School of Design

ULITA - an Archive of International Textiles

Adire cloth
Date: 1965-1985
Dimensions: 287 × 109.7 cm (113 × 43 3/16 in.)
Medium: cotton
Made in: Nigeria, Yorubaland
Collected in: Nigeria, Ilorin
Description: This is a long Yoruba Adire cloth with selvedge on two sides. The overall colour is indigo blue, and the design consists of large central diamond or lozenge shapes in red and green. The designs are created by stitching, using a sewing machine to create stitched portions which will resist the dye-bath. The stitching is worked loosely and the stitches are then drawn together and knotted. The methods used to apply the colours are immersion in a dye bath and ‘spotting’, which is applying a high concentration of dye solution to specific spots where colours are desired. The cloth is suitable to be made into a dress or used as a table or bed cover. The term ‘Adire’ is generally used to refer to two types of resist dyed cloth produced in Yorubaland, involving tying and stitching or the use of starch paste. Starch paste is applied either freehand or with the use of stencils. Machine stitching and new types of dyes have been introduced. Adire experienced a massive decline in the late twentieth century but as of the first two decades of the twenty-first century it is enjoying a resurgence. The term ‘Yoruba batik’ is used in this collection to refer to cloth dyed in Yorubaland from the late 1960s onwards with wax as the resist agent. It is classified as a form of resist dyeing separate from Adire. Part of the O'Hear Collection.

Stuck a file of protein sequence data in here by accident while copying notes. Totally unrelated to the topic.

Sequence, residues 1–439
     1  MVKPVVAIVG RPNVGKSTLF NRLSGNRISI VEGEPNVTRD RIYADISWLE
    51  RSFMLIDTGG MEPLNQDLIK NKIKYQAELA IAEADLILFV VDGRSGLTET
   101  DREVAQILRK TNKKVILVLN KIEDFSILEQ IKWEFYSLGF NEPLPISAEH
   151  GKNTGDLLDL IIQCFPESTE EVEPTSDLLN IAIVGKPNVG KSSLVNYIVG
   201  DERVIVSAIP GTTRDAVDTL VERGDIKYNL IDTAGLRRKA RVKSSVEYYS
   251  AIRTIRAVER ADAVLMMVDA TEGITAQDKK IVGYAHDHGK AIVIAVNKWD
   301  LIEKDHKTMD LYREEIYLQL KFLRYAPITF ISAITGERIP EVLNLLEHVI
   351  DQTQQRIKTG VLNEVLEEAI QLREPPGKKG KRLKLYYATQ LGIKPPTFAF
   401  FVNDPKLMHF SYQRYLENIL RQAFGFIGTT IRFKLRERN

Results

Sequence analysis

Inv. No.: 2014.71

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